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Denmark is building an artificial island to house the world’s first clean energy hub

Some 50 miles from the coast and surrounded by hundreds of wind turbines, the floating area will provide energy to 3 million homes and produce alternate fuels.

Denmark is building an artificial island to house the world’s first clean energy hub
[Image: courtesy the Danish Energy Agency]
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Two months ago, Denmark said that it would stop all new oil and gas exploration in the North Sea and completely phase out fossil fuel production by 2050. The country is currently the largest oil producer in the European Union. Now it’s planning the next step in its transition: an artificial island that will serve as a clean energy hub and eventually make zero-carbon fuel using wind power.

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[Image: courtesy the Danish Energy Agency]
The artificial island, which will be roughly the size of 20 football fields, will be surrounded by 200 to 600 massive wind turbines—each potentially taller than Seattle’s Space Needle. Because the hub will be around 50 miles off the Danish coast, the turbines can be larger than ones on land, and they can also access higher wind speeds. In its first phase, the hub will send electricity to 3 million households; eventually the size will more than triple. As massive batteries are added the hub will be able to store energy and send it on demand. While offshore wind power already exists, this island will be the world’s first clean energy hub, gathering and distributing power from multiple wind farms simultaneously. The hub will also be able to produce fuel.

[Image: courtesy the Danish Energy Agency]
If wind power can be produced cheaply, “you can make very competitive green hydrogen, and it has zero carbon footprint,” says Patrick Molloy, a senior associate at RMI, a nonprofit that focuses on clean energy. (Hydrogen is made by splitting up water molecules with an electric current, and when the electricity is renewable, the hydrogen is considered green.) The hydrogen can be used to make ammonia, which cargo ships can use instead of fossil fuels; ships running on ammonia are in development now and will likely be in use within the next few years.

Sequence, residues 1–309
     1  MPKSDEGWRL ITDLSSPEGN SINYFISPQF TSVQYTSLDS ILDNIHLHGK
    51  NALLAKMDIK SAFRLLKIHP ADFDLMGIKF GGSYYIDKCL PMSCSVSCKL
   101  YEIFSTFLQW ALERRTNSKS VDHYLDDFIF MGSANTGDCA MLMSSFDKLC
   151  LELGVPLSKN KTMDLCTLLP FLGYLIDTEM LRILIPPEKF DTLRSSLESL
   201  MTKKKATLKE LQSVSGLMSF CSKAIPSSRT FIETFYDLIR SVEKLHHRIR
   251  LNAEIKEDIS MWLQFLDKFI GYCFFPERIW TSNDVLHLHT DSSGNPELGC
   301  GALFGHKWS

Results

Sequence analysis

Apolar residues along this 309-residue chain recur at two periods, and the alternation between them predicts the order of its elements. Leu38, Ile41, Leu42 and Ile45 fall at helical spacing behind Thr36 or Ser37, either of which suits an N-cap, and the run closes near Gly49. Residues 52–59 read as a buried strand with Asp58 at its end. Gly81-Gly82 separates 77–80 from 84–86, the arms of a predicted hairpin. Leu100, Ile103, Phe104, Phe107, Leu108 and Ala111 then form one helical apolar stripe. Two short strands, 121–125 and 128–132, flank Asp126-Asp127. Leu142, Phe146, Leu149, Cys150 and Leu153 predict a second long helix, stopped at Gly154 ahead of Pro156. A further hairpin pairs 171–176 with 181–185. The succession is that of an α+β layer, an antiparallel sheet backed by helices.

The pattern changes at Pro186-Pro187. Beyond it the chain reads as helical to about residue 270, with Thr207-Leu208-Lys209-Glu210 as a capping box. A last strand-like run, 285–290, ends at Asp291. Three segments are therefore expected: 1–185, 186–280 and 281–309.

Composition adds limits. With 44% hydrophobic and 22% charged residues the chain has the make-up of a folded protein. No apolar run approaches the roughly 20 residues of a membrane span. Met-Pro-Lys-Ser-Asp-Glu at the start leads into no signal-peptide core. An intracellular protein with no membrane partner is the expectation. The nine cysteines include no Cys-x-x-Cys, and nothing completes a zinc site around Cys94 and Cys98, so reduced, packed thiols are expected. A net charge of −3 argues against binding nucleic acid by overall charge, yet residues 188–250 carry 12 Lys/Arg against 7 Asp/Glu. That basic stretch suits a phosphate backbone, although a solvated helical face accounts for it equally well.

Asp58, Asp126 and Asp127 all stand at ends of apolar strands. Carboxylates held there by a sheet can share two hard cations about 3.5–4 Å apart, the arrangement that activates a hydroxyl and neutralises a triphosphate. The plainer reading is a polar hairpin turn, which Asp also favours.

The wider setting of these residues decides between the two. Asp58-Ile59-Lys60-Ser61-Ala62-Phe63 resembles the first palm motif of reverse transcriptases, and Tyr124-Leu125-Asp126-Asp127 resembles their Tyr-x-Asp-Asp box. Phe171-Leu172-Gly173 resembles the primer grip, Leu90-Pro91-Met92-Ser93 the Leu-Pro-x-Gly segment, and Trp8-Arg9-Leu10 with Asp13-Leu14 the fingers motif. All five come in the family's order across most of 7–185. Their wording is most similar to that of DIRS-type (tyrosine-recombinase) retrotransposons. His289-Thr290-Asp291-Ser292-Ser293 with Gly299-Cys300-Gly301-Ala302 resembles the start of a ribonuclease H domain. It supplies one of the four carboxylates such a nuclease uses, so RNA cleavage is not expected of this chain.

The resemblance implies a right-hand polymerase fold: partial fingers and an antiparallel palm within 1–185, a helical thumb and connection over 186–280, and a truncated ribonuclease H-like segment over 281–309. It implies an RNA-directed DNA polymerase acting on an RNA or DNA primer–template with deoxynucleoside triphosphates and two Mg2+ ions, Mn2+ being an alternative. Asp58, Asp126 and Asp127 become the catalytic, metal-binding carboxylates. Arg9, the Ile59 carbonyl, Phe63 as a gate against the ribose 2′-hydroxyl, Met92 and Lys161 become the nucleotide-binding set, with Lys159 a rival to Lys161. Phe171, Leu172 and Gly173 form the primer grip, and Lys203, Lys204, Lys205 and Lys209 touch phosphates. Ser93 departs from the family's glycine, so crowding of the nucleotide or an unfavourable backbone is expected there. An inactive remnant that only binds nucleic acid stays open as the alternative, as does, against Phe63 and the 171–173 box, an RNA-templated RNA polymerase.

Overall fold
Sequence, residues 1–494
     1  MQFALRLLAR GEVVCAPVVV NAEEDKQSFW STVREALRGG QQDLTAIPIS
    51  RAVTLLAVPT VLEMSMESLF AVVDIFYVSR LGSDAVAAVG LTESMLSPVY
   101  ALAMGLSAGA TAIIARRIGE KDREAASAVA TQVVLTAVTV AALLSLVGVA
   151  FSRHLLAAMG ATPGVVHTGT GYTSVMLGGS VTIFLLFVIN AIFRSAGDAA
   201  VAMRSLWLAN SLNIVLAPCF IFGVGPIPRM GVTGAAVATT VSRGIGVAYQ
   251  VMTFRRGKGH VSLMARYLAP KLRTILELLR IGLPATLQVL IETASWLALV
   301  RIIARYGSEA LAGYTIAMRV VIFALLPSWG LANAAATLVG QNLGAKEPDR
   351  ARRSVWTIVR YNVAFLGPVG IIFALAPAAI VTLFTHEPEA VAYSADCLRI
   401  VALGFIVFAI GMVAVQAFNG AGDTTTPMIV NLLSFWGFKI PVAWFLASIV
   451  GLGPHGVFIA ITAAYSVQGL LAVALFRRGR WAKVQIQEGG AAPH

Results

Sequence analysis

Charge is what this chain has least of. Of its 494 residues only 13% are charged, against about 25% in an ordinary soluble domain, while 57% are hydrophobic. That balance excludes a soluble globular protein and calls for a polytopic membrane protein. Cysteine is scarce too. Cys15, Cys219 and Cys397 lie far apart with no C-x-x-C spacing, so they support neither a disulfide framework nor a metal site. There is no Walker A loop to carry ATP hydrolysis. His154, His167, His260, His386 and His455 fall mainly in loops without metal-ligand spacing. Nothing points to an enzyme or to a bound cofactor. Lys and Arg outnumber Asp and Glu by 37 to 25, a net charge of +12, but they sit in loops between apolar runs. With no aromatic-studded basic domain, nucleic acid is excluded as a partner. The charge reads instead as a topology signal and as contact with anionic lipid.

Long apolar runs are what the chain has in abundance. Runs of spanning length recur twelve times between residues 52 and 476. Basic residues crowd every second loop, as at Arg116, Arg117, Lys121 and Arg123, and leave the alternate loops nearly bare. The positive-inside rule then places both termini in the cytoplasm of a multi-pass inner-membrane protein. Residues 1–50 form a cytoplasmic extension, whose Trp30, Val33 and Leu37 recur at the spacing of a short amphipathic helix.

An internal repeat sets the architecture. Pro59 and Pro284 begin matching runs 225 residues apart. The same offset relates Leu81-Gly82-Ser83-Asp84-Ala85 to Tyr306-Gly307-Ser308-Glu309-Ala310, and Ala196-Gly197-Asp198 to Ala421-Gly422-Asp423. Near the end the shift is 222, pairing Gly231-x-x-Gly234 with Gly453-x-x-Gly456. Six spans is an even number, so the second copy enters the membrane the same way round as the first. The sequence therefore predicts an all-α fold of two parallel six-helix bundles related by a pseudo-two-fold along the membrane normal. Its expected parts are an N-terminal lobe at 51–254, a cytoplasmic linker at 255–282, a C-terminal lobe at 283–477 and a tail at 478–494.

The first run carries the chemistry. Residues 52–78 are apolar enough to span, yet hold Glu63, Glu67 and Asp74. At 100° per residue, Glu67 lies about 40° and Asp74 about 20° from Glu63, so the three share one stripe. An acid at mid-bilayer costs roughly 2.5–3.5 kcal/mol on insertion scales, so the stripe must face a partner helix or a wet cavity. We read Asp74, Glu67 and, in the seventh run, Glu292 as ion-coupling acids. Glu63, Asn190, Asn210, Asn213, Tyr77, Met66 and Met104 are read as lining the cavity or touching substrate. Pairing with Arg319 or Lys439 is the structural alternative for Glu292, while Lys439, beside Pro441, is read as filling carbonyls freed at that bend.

Airplanes could also run on green hydrogen or on synthetic fuels that combine the hydrogen with CO2 captured from the atmosphere. The hydrogen can also be used in fuel cells in vehicles, or in industrial plants that can’t easily run on renewables. It could even be piped into homes to replace natural gas. “It offers a pathway for us to step away from fossil fuels and to move to a zero-carbon solution in sectors that a very short time ago looked very difficult to reach,” Molloy says. The hub will send liquid fuel back to Denmark and surrounding countries through undersea cables.

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[Image: courtesy the Danish Energy Agency]
The project, which will be funded both by the Danish government and by companies that will partner with it, will cost around $34 billion and will be the largest construction project in the country’s history. A second energy hub will be added later. It’s one piece of Denmark’s larger plan to rapidly cut emissions—by 2030, emissions legally have to be 70% lower than they were in the 1990s—and to become carbon neutral by 2050. Says Molloy, “I think this just speaks to the commitment of Denmark to reach its climate goals.”

About the author

Adele Peters is a staff writer at Fast Company who focuses on solutions to some of the world's largest problems, from climate change to homelessness. Previously, she worked with GOOD, BioLite, and the Sustainable Products and Solutions program at UC Berkeley, and contributed to the second edition of the bestselling book "Worldchanging: A User's Guide for the 21st Century."

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